SS: I couldn't let you do an interview today without asking you at least one question about virtualization and NFV. Do you think NFV can happen and be successful before the technology revolution that will come with 5G, or do we have to wait until 5G is here in 2020 before NFV is really something that takes off with CSPs?
HV: I think it's an excellent question and it requires a thoughtful answer. We started our virtualization strategy in 2010 with a component-based architecture. This year, all products of Ericsson can be virtualized. So I think we have been ahead of the game, because we want really to give our customers choices. And those customers are virtualizing their networks in different ways, depending on their nature. They need virtualized services in order to be both efficient but also to offer new services. In five years' time it's going to be imperative that they need it, but for the next four years it's going to be a gradual process. Some are doing it early; some haven't even started.
SS: What about global services? Light Reading thinks it will be very important for CSPs to work with providers that have an extensive system integration and global services portfolio. You have one of the largest and most expansive systems integrator divisions in the world. The margin on that business seems quite low but it accounts for a very large, and growing, amount of your revenue. Is there a way to grow that revenue and increase the profitability for Ericsson?
HV: Well, there are two parts to the business. You have the network rollout business, which is tightly attached to mobile infrastructure. That is intrinsically a low-margin business; a slight loss today, even. It should be possible to make that at least break even.
Then there's the professional services, which is roughly two-thirds of the total global services. That business has undergone an enormous transformation. Five years ago it was basically product services -- technical support, education. Today that has totally changed, and we have far more managed services and system integration, and far fewer product-related services.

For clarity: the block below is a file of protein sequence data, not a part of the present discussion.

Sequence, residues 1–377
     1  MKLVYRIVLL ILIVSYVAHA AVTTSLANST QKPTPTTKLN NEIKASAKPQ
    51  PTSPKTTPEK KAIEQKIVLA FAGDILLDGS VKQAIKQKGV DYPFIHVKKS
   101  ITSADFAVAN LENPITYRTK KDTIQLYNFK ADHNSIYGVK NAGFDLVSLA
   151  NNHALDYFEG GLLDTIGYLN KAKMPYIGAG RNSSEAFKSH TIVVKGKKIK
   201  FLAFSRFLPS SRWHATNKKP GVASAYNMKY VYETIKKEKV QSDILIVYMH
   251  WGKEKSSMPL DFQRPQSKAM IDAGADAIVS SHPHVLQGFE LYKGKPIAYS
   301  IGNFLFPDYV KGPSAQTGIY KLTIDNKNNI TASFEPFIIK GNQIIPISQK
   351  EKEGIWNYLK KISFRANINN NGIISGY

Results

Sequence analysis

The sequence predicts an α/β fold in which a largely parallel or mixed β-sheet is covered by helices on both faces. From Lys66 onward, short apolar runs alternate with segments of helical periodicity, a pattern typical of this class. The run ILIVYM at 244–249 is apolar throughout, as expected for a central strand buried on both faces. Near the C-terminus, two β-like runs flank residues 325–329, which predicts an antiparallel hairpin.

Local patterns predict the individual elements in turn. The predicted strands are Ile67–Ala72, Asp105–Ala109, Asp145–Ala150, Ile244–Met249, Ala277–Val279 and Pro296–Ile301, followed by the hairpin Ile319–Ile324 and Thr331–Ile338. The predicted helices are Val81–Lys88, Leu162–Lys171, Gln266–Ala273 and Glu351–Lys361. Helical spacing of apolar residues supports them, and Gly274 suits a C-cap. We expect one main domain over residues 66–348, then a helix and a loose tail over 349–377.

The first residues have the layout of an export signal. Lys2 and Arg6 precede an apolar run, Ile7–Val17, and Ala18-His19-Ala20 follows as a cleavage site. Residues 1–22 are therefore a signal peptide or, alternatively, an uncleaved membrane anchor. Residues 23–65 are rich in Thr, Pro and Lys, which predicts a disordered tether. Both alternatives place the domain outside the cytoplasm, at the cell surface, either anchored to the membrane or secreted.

Product-related services have four times higher margin than multivendor systems integration, so the fact that margins have been flat on professional services during that transformation, at 12 – 14%, is pretty good. We could improve margins further by not growing managed services, but that's not our plan, because our customers need them.
SS: I was surprised to see that the CTO of Nokia was attacking Ericsson's technology credibility the other day. Obviously the important question here is: do Finns and Swedes not get on with each other?
HV: I don't think it's that. I get questions about competition each and every day. I usually don't comment on competitor strategies. That's not our game. I'm very much focused on executing on our strategy, leading in basically everything we're doing. But we're humble enough to understand that the competition is very good as well.
SS:: Good answer. Aren't you supposed to be on holiday now?
HV: I'm not sure that the CEO that has business in 180 countries and 120,000 employees is ever on vacation. We are so excited over being able to lead this company, all of us, so we're running full speed all the time. Of course we also need some time off now and then. I take some weeks here and there in order to get my energy back up, but I get most of my energy from running this company together with my friends and colleagues and co-workers at Ericsson.
SS: That was all the questions I had today. Hans, I want to thank you; I just reacquired Light Reading at the beginning of last year, and I've had a terrific time working with Ulf [Ewaldsson, CTO of Ericsson] and his team. It's been fascinating, and incredibly helpful, so I really appreciate it.
HV: The relationship with Light Reading is also extremely important for Ericsson. I hope that you and I can meet some day, somewhere in the world, and have a longer conversation about what's happening.
SS: I'd enjoy that. Thanks again.
HV: Take care. Bye-bye.